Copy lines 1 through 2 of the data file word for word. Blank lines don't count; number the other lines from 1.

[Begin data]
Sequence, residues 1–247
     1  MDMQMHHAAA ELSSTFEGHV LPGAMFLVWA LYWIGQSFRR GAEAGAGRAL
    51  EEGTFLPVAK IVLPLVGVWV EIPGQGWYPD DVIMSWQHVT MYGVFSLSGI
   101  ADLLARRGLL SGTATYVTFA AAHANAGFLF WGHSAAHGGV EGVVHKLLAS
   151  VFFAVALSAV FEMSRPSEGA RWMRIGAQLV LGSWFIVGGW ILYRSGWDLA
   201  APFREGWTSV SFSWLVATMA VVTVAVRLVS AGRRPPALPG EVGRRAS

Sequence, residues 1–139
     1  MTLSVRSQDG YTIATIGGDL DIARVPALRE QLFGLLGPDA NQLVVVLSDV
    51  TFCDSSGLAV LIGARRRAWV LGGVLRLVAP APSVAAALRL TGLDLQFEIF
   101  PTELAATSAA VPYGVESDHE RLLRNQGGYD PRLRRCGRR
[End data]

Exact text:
Sequence, residues 1–247
     1  MDMQMHHAAA ELSSTFEGHV LPGAMFLVWA LYWIGQSFRR GAEAGAGRAL